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Review - HomeDock Deluxe
Friday, April 28th, 2006 at 1:30 PM - by
DLO's new HomeDock Deluxe represents the latest in iPod docking technology, not only allowing you to connect your iPod to your TV and home stereo, but also offering on-screen navigation. This enables you to truly control your iPod from a distance as you browse its music library on you television.
The HomeDock Deluxe is styled after the original HomeDock (3 stars), but with design touches that say "premium". The original's dinky white remote with a red top is replaced by a considerably larger, heaving, and sleeker black remote control that sports additional buttons for on-screen navigation. The base is black with gunmetal trim and sports an Apple-like pinpoint sized white power LED (that's almost too bright at eye level) as opposed to the larger green/blue DLO logo on the HomeDock. The A/V cables have also been upgraded for the HomeDock Deluxe, from the standard el-cheapo cable that comes bundled with $25 DVD players to a thicker shielded, better looking set. Alas, DLO still skimps on the S-Video cableyou'll have to bring your ownwhich is the ideal method for connecting the HomeDock Deluxe to your television since it produces a brighter, clear image, ideal for reading the on-screen navigation text.
HomeDock Deluxe (L) and HomeDock (R)
Setting up the HomeDock Deluxe is a simple process that shouldn't even require looking at the manual: just plug everything in, drop your iPod in, and power up your television. You can control your iPod either through your TV with the remote control or from the iPod directly (also with the remote control if you like), but not both at the same time. The natural question then beckons as to why would you want to control your iPod directly, as you would with a standard iPod dock, when you have the on-screen goodness at your fingertips. The answer: at present, due to iPod firmware limitations, you can only navigate an iPod's music collection on screen. That means photos and videos, arguably two better reasons to have on-screen iPod navigation, are currently left out of the Deluxe experience.
HomeDock (L) and HomeDock Deluxe (R)
There is another small point to consider with the HomeDock Deluxe as well: some televisions will not play audio from a source when the television is waiting for a video signal as well, which is to say that playing music via the on-screen navigation with your television turned on is the only way you will be able to listen to music in these cases. This can be remedied by connecting the audio from the HomeDock Deluxe directly to your home stereo, but others may want to consider whether having your television on whenever you listen to music, and paying appropriately for the electricity, is worth it. For subtlety's sake, the HomeDock Deluxe does feature a screen saver that turns your television black and displays only basic track information, akin to any one of the music channels digital cable or satellite subscribers are familiar with.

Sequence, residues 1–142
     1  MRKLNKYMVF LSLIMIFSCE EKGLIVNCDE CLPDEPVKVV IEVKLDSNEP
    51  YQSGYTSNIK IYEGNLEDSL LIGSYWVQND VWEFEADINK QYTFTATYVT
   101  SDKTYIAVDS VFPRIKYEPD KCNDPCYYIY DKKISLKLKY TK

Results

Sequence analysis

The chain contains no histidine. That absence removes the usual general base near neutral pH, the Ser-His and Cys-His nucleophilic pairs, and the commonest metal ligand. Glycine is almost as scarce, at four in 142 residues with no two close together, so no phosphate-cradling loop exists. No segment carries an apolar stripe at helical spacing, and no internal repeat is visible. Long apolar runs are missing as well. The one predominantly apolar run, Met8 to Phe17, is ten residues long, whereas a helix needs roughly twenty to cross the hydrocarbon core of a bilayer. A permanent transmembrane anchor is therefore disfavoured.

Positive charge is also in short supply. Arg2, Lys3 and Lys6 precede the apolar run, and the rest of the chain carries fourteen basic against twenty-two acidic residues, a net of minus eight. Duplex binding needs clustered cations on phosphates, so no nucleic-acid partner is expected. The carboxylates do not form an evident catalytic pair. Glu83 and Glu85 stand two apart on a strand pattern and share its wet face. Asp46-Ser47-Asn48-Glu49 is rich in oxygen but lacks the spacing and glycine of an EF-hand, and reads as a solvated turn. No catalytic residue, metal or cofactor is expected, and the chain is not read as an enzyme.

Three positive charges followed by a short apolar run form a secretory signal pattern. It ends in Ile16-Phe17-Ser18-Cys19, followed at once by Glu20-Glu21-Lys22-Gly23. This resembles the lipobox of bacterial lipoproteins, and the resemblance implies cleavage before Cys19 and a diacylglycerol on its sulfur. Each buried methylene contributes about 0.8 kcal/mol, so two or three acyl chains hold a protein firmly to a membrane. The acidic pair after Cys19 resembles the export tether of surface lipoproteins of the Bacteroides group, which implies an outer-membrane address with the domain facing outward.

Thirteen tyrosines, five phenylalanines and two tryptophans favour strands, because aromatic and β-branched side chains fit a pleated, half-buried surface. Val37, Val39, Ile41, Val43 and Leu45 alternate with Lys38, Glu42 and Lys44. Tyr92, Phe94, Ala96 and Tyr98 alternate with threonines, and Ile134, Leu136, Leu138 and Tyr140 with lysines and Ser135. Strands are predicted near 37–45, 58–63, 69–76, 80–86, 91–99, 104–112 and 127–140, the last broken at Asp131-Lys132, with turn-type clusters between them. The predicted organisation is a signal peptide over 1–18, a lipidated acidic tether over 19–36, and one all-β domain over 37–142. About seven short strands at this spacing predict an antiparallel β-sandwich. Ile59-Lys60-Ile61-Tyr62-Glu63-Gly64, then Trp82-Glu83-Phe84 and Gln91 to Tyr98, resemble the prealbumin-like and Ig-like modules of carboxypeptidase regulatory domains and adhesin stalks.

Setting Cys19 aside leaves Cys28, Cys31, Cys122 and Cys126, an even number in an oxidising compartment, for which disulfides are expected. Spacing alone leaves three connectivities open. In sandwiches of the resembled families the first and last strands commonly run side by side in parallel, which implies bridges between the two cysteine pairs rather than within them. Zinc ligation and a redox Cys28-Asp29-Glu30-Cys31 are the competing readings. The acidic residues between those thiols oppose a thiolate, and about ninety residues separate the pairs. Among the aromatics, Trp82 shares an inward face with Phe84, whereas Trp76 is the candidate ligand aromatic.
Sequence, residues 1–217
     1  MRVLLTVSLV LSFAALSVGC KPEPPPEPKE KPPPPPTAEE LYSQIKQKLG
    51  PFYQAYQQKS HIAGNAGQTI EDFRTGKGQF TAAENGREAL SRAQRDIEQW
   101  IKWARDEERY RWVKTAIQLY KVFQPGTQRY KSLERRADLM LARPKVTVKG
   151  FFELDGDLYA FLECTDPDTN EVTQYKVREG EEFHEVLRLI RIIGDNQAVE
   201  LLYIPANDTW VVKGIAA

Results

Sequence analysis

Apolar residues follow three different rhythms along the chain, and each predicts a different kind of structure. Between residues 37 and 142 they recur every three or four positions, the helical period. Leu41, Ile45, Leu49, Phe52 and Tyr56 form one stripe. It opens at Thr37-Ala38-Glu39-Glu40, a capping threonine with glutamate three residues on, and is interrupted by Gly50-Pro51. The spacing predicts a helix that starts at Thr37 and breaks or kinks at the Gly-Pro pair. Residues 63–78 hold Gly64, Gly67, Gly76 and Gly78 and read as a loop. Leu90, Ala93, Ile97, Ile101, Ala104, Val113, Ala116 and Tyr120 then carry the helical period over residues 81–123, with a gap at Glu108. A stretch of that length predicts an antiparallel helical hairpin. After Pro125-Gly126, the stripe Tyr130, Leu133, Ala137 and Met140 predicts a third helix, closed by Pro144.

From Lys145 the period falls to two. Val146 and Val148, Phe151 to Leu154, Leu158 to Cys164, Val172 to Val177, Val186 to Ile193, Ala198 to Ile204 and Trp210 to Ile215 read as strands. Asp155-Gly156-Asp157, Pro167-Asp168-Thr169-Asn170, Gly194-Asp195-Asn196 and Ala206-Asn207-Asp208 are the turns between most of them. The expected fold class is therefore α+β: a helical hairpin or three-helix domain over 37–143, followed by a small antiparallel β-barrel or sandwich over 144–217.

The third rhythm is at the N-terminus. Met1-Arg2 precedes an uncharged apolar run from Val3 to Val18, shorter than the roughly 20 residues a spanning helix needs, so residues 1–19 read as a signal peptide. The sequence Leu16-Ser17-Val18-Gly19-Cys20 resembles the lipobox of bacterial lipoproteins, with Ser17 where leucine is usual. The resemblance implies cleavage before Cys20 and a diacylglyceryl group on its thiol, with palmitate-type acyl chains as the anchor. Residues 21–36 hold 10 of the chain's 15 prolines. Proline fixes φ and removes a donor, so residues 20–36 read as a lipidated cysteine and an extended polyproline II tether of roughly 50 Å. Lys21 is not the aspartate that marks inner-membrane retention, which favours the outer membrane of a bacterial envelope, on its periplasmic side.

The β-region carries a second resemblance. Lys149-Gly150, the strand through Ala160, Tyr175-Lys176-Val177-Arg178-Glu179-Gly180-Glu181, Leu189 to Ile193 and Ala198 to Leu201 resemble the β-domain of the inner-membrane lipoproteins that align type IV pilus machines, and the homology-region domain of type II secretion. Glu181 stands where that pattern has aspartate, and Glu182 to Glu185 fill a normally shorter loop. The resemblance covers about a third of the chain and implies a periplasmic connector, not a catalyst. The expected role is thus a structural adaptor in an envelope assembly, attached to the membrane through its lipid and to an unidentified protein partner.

DLO did an effective job with the on-screen navigation interface, although navigating your music library for any extended period of time with the four directional arrows will make you appreciate the iPod's clickwheel even more. Support for album artwork is really the only notable omission; the HomeDock Deluxe otherwise performs admirably well. We were happy to see that in upgrading the remote control, DLO also fixed most of the range issues related to the original HomeDock. The HomeDock Deluxe's remote control still doesn't have the wide angle or range of a quality television or stereo remote, but it worked well for us at distances up to 20 feet away without needing to be perfectly aligned with the base unit like the HomeDock did.
The Bottom Line
The HomeDock Deluxe represents an exciting and new direction for iPod docks and home integration. Unfortunately, without support for video or photos yet the appeal is stunted, although early adopters can be confident that when Apple adds such support, the HomeDock Deluxe will take advantage of it. There's one other thing buyers should consider: much like the original HomeDock, DLO is one of the first to market with a product like this, which accordingly carries with it a premium price tag that's not to be scoffed at: $149.95. Given that the original HomeDock continues to sell for $99.95 when equally effective alternatives can be had for half that price from competitors, price conscious consumers may wish to wait to see what other companies bring to market.
Note: Our 4 out of 5 rating is based on the premise that in the near future videos and photos will be supported on the HomeDock Deluxe. As an audio-only device, the HomeDock Deluxe would garner only a 3 out of 5 rating.
Just The Facts
Pros: attractive design accomodates most iPods and cases; simple, effective on-screen navigation; good remote
Cons: on-screen navigation supports only music at present; S-video cable not included; premium pricing
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